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Day 9

The next morning we got back into the same hiking gear and laid on the bed watching movies waiting for Raju to call. He had been at the airport to try get us on a flight that day but was unsuccessful. He had us on a flight for the next late on in the morning so our chances again would be slim. MK and I spent the day watching movies and napping we were both quiet just thinking about what a long two days it was and after all this hard work would we make it to Everest? After a day of day dreaming and napping we dragged ourselves out for dinner before having another early night.

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Day 10

Before we knew it we were back at the airport in the same set of clothes with the same people from two days prior. We were on a later flight that morning. While we waited Raju offered us a option of going in a car and hiking up to Lukla. A group was leaving in 20 minuets and we could jump in with them. My gut instinct was no…so I did a quick bit of research about the journey and it sounded horrible. It was around 14 hours cramped off roading in a jeep then a 3 extra days of hiking 20KM a day. MK was ready to jump in the jeep and begin the journey. I felt lots of pressure to say yes and go but I knew fitness wise I would not be able to complete the extra bit of trekking. I did have a moment and a cry. MK realized maybe this was not the route to go. Sitting in the terminal we noticed a long line of people outside a helicopter stand. Raju explained they had booked to go on a helicopter which would cost us $500 USD each. Being on our third day stuck in the airport we asked Raju if he could get us on a helicopter. He explained that none had actually left in 3 days either and they were being very careful as one had crashed only last week. The rest of the day was spent in silence at the airport just waiting. We saw some people leave from the helicopter line and heard 2 helicopters would fly. Next thing we know Raju said when the helicopters return he had got us on one, but the catch was it would just be MK and I and Raju would follow up after. Again my gut instinct was not good but I did want to go and get up there. We agreed to go on the next helicopter and Raju took us through to the office to pay. The card machine would not work, I was thinking is this a sign we should not be getting on the helicopter? After 4 attempts they got the card machine to work and we sat back in the terminal. We sat down and the electric cut in the airport. I must have looked terrified. MK asked me if I was okay and all I could say was I was trying to find one positive sign we should be getting on this helicopter. Another 45 mins went past and Raju came up to let us know the first lot of helicopters could not reach the airport and had dropped off the passenger in a rural village half way to Lukla. They did not want to return the tourist as they did not want to refund anyone any money. Once the helicopters had returned they would not be flying again and we would go on them first thing tomorrow. Honestly I was so happy we were not getting on the helicopter. We met a couple who also had been at the airport for 3 days and had booked to be on the helicopter with us tomorrow. It was great to talk to them and the many others we met in the airport. It just made us realize we were not alone and everyone in this terminal had come so far and trained so hard for this experience and were feeling exactly like we were. Back at the hotel I did bring up to MK maybe we need a plan B because we couldn’t just wait in the airport and not enjoy our trip. I brought up a hike called Annapurna Base Camp as alternate trek. MK was not in the mind frame yet to really plan a alternative trek so I left it.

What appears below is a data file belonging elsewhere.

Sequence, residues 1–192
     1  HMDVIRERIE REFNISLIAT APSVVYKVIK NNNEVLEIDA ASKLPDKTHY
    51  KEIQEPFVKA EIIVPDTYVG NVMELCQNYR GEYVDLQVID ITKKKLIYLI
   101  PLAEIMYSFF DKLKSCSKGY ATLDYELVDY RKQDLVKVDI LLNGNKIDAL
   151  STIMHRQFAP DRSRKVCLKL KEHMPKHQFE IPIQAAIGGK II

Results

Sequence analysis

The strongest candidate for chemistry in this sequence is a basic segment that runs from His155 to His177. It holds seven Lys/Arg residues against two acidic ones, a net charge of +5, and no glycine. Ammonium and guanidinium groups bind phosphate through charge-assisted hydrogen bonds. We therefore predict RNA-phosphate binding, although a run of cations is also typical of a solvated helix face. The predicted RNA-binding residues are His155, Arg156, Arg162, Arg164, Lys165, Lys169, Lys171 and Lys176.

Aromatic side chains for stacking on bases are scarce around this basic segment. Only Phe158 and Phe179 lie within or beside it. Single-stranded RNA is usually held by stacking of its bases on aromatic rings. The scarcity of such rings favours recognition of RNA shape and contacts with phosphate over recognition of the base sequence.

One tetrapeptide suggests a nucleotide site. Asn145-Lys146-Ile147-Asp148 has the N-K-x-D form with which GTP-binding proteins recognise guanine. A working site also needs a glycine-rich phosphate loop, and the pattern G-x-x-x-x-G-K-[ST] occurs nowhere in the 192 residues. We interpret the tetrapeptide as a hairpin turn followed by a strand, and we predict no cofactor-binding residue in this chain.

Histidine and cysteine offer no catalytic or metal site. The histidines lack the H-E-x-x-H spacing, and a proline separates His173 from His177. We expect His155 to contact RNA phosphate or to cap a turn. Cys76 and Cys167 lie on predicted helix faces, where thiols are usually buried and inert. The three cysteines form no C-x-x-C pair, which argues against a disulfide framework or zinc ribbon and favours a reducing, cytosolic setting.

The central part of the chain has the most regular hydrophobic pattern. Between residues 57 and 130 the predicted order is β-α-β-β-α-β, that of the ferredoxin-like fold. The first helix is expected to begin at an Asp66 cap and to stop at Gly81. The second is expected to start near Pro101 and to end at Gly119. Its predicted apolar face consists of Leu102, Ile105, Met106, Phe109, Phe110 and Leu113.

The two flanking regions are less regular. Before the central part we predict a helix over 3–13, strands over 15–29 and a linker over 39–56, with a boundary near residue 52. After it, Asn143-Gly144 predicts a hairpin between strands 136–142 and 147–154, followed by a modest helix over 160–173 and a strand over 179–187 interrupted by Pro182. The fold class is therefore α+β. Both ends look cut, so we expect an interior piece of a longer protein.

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Day 11

We had discussed if we did not fly out today we would move on. Off we went back to the airport in our terminal outfits for the past 4 days. We said goodbye to the hotel for the 4th morning hoping we would not be going back for a few weeks. At the airport we checked in and got weighed with our bags for the helicopter. I had all the stuff from yesterday whirling around my head and I was nervous. I did not feel safe and I did not want to get on the helicopter. I sat quietly with my headphones in. The morning passed and we were still waiting. I was stressed at the thought of the helicopter dropping us off and leaving us stranded. I was phoned my mum letting her know how stressed I was feeling. MK and I had been sat in a airport for 4 days stressed, confused and disappointed. As I was letting my mum know what was happening MK walked up and said they cancelled the helicopter flights for the day and he had told Raju we would go to  Annapurna base camp. That was that, our Everest dream was put on hold. Completely heart broken we stood in line as Raju talked to the airline agents to try get us on a flight to Phokara. The flight was a blur. It was a small plane and we were all sat separately. The captain came running through the plane swung open the door to the cockpit turned on the engine and we were off. The flight was 20 minuets of flying through pure cloud until we reached Phokara, one hard right around the mountains and we were back on the ground.